• “Russian Urbanization,” Encyclopedia of Social History, ed. Peter N. Stearns (New York: Garland, 1994): 647-649

  • “Voluntary Associations, Civic Culture and Obshchestvennost’ in Moscow”, in Edith Clowes, Samuel Kassow and James West, eds., Between Tsar and People: Educated Society and the Quest for Public Identity in Late Imperial Russia, (Princeton, 1991): 131-148

  • “Moscow: From Big Village to Metropolis,” in Michael Hamm, ed., The City in Late Imperial Russia (Bloomington: Indiana University Press, 1986): 9-41

  • Bradley , J. Russkoe Tekhnicheskoe Obshchestvo V 1905-Om Godu. 1905: Entsiklopediia.
  • “Associations in Times of Political Turmoil: Science Societies and the Bolshevik Regime, 1917-1921,” in Russia’s Great War and Revolution, 1914-1921: The Centennial Reappraisal (Bloomington, In: Slavica, 2014, forthcoming)

Translation or Transcriptions

  • “The Sources of Anthropometric Data: Representativeness, Accuracy and Homogeneity,” ch. 3 of Boris Mironov, The Standard of Living and Revolutions in Russia, 1700-1917, Gregory L. Freeze, ed. (Routledge Explorations in Economic History) (London: Routledge, 2012)

  • Review of Pavel Ilyin and Blair A. Ruble, eds., Moskva rubezha XIX i Stoletii: Vzgliad v proshloe izdaleka (Moscow: Rosspen, 2004) by Galina Ulianova, for Russian Review 64, no. 3 (July 2005): 526-27

  • “The Nobility and the Urban Estates,” in Boris N. Mironov, The Social History of Imperial Russia, 1700-1917, vol. 1 (Boulder, Col.: Westview, 2000): 371-424. Translation from Chapter 7 of B.N. Mironov, Sotsial’naia istoriia Rossii, vol. 1 (St. Petersburg: Dmitrii Bulanin, 1999.

  • The Soviet Aluminum Industry, Falls Church, Va: Delphic Associates, 1983

Research Reports

  • The State and Civil Society in Russia: The Role of Nongovernmental Associations (Washington, D.C.: Title VIII Program Report for the National Council for Soviet and East European Research, 1997)

Book Reviews

  • Elisa M. Becker, Medicine, Law, and the State in Imperial Russia. Budapest-New York: Central European University Press, 2011 in Journal of Modern History 85, no. 4 (December 2013): 985-987

  • I.S. Rozental’, “I vot obshchestvennoe mnenie!”: Kluby v istorii Rossiiskoi obshchestvennosti, konets XVIII-nachalo XX vv. (Moscow, 2007); and A.S. Tumanova, Obshchestvennye organizatsii i russkaia publika v nachale XX veka (Moscow, 2008) in Kritika: Explorations in Russian and Eurasian History 12, no. 1 (Winter 2011): 249-261

  • Roxanne Easley, The Emancipation of the Serfs in Russia: Peace Arbitrators and The Development of Civil Society (London: Routledge, 2009) for Russian Review 68, no. 4 (October 2009): 708-709

  • Wendy Rosslyn, Deeds, not Words: The Origins of Women’s Philanthropy in the Russian Empire (Birmingham Slavonic Monographs, no. 37) Birmingham: University of Birmingham Press, 2007 for Slavic Review, vol. 68, no. 2 (Summer 2009): 433-434

  • Susan P. McCaffray and Michael Melancon, eds., Russia in the European Context, 1789-1914: A Member of the Family (New York: Palgrave Macmillan, 2005) reviewed for The American Historical Review (October 2006): 1281-1283

  • A. S. Tumanova, Samoderzhavie i obshchestvennye organizatsii v Rossii, 1905-1917 [Autocracy and Public Organizations in Russia, 1905-1917] reviewed for Slavic Review 64, no. 3 (Fall 2005): 666-667

  • Abraham Ascher, P.A. Stolypin: The Search for Stability in Late Imperial Russia Stanford: Stanford University Press, 2001 Journal of Modern History, 75, no. 2 (June 2003): 477-479

  • Galina N. Ulianova, Blagotvoritel’nost’ moskovskikh predprinimatelei 1860-1914 (Moscow: Ob”edinenie “Mosgorarkhiv”, 1999) reviewed for Otechestvennaia Istoriia, no. 3 (2001): 196-199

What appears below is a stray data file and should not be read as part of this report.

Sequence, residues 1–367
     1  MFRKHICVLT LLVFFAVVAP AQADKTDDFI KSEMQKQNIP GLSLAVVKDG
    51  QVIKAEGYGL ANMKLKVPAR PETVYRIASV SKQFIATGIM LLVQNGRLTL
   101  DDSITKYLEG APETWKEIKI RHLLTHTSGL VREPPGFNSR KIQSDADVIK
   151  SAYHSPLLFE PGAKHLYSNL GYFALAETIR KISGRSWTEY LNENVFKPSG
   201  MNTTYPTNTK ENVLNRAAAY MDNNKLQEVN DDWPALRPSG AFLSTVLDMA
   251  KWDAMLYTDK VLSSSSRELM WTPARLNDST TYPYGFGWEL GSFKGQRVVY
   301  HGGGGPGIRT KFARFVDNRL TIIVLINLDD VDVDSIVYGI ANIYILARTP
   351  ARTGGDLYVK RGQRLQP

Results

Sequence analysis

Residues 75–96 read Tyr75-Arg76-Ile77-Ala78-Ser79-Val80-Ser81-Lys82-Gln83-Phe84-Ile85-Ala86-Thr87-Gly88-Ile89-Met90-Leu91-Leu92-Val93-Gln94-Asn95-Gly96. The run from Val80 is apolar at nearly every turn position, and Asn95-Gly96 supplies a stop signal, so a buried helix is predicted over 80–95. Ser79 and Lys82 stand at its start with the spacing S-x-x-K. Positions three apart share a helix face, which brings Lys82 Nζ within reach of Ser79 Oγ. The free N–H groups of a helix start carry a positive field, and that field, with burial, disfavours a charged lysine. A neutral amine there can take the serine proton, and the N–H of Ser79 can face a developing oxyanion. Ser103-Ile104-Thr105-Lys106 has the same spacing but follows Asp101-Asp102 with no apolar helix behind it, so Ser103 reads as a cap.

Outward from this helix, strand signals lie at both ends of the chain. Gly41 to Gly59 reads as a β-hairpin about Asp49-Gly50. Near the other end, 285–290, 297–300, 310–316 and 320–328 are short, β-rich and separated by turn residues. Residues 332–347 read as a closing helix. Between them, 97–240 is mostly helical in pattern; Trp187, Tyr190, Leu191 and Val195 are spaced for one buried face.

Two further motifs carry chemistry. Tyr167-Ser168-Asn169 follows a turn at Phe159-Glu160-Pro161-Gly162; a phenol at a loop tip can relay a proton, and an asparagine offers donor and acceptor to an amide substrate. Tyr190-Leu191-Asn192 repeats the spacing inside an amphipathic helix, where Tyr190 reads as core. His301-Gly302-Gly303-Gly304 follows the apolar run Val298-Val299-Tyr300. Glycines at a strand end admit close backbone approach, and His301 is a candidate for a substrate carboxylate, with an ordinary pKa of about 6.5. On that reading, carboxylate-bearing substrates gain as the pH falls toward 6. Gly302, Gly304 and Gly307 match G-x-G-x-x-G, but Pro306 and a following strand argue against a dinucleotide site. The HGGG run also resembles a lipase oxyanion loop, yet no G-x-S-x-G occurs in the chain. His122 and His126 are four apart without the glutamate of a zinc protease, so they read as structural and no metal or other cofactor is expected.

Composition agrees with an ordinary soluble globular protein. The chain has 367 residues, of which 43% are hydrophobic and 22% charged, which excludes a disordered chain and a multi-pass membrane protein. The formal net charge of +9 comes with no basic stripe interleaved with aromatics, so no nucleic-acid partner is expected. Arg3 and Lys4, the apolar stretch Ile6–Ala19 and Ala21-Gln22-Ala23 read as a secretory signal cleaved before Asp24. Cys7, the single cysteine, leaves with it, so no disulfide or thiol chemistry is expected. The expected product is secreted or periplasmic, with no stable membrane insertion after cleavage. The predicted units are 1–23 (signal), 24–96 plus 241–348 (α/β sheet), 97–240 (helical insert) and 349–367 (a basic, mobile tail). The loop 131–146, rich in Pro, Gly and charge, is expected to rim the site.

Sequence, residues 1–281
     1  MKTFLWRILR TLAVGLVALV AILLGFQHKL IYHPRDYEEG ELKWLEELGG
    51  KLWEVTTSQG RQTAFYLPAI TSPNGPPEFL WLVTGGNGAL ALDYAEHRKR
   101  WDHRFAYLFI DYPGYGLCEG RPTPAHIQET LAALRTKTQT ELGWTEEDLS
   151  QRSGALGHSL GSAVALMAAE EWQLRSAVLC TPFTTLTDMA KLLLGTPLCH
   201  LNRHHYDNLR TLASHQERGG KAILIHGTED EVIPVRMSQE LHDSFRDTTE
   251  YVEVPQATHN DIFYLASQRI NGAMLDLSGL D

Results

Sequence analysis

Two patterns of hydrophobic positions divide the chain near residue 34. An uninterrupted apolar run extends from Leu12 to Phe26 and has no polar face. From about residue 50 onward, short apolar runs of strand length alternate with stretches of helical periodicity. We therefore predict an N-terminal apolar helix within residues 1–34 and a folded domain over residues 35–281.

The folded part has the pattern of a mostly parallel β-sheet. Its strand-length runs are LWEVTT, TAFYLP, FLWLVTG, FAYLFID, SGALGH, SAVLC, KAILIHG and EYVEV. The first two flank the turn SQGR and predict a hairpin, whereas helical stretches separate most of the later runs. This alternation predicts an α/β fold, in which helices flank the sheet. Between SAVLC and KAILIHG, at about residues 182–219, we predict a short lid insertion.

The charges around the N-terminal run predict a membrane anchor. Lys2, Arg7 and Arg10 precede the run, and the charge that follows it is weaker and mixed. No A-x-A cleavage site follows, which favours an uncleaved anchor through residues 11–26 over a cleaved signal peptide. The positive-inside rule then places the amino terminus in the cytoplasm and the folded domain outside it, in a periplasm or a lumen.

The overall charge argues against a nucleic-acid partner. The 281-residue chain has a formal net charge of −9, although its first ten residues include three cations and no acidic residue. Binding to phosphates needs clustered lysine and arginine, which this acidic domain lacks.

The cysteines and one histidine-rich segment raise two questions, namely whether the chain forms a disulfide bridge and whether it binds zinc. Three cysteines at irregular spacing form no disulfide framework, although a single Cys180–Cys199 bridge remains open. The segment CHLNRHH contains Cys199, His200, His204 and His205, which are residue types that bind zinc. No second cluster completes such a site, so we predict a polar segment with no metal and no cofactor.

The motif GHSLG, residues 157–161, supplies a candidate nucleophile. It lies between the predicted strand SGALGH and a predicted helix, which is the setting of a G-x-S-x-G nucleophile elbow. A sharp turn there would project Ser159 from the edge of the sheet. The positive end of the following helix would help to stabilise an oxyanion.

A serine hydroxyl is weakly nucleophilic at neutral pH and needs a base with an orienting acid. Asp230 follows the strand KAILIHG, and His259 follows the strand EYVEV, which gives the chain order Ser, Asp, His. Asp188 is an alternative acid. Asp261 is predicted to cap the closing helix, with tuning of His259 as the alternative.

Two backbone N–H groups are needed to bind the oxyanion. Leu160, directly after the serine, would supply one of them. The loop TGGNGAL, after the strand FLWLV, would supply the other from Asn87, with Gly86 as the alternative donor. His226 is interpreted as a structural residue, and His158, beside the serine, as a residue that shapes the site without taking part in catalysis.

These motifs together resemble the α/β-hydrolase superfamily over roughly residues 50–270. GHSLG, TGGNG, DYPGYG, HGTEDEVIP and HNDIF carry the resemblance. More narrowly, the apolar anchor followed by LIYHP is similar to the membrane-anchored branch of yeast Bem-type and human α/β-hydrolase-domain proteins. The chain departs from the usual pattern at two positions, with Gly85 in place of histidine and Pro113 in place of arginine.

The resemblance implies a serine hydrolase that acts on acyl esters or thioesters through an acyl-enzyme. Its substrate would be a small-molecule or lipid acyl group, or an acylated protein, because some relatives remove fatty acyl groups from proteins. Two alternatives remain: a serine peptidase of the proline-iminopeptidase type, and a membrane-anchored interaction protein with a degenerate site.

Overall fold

• Patricia Herlihy, Odessa: A History, 1794-1914 for Slavic Review 47, no. 3 (Fall 1988): 536-537.

  • Reginald E. Zelnik, ed. and trans., A Radical Worker in Tsarist Russia: The Autobiography of Semen Ivanovich Kanatchikov for Slavic Review 47, no. 1 (Spring 1988): 124-125.

  • Norman Saul, Concord and Conflict: The United States and Russia, 1867-1914 (University Press of Kansas, 1996) for Slavic Review, vol. 56, no. 3 (Fall 1997): 567-68

  • “Russia’s Cities of Dreadful Delight,” Journal of Urban History, 24, no. 1 (November 1997): 120-129 [review article]

  • Elise Kimmerling Wirtschafter, Structures of Society: Imperial Russia’s “People of Various Ranks” for The American Historical Review 101, no. 3 (June 1996): 878-879.

  • Mark D. Steinberg, Moral Communities: The Culture of Class Relations in the Russian Printing Industry, 1867-1907 for Russian Review 53, no. 3 (July 1994): 452-454.

  • Daniel R. Brower, The Russian City between Tradition and Modernity, 1850-1900 for Slavic Review 53, no. 1 (Spring 1994): 248-249.

  • Thomas C. Owen, The Corporation under Russian Law, 1800-1917: A Study in Tsarist Economic Policy for The American Journal of Legal History 37, no. 3 (July 1993): 373-374.

  • Charles A. Ruud, Russian Entrepreneur: Publisher Ivan Sytin of Moscow, 1851-1934 for The American Historical Review (December 1991): 1579-1580

  • Battison, Edwin A., ed. Description of the Tula Weapon Factory in Regard to Historical and Technical Aspects for Technology and Culture 32, no. 2, pt. 1 (April 1991): 442-443.

  • Resnick, Abraham, The Union of Soviet Socialist Republics for Harvar6d SEELAC Book Review Project (1986)

  • Weaver, Kitty, Russia’s Future: The Communist Education of Soviet Youth for East/West Education 10, no. 1 (Spring 1986): 60-61.

  • Victoria E. Bonnell, ed., The Russian Worker: Life and Labor under the Tsarist Regime for Slavic Review 44, no. 1 (April 1985): 113.

  • B. N. Kazantsev, Rabochie Moskvy i Moskovskoi gubernii v seredine XIX veka and M. K. Rozhkova, Formirovanie kadrov promyshlennykh rabochikh v
    60kh-nachale 80kh godov XIX v.: Po materialam Moskovskoi gubernii
    for Kritika 14, no. 2 (Spring 1978): 106-121.

  • Iu. I. Kir’ianov, Zhiznennyi uroven’ rabochikh Rossii (konets XIX-nachalo XX vv.) for Kritika 17, no. 2 (Summer 1981): 87-103.

  • A. Tarkovskii and A. Konchalovskii, Andrei Rublev for Kritika 10, no. 2 (Spring 1974): 111-120.


  • “Russian Liberalism,” Editor’s Introduction to Russian Studies in History, vol. 37, no. 3 (Winter 1998-99): 3-6

  • “Russian National Interest,” Editor’s Introduction to Russian Studies in History, vol. 38, no. 1 (Summer 1999): 3-6

  • “Koval’chenko and Iskenderov on Theories of History,” Editor’s Introduction to Russian Studies in History, vol. 37, no. 4 (Spring 1999): 3-5

  • “The Russian Nation: Historical Destiny in the 20th Century,” Editor’s Introduction to Russian Studies in History, vol. 37, no. 2 (Fall 1998): 3-7

  • “Russia–A Divided Civilization?” Editor’s Introduction to Russian Studies in History, vol. 36, no. 1 (Summer 1997): 3-7

  • “Was the USSR Planning to Attack Germany in 1941?” Editor’s Introduction to Russian Studies in History, vol. 36, no. 2 (Fall 1997): 3-7

  • “Was the October Revolution Socialist?” Editor’s Introduction to Russian Studies in History, vol. 33, no. 4 (winter 1994-95): 3-7

  • “War Communism,” Editor’s Introduction to Russian Studies in History, vol. 33, no. 1 (summer 1994): 3-7

  • “Russia after the Coup: Rethinking the Past,” Contribution to the “Teaching Slavic Studies” column in the AAASS Newsletter (November,1991): 5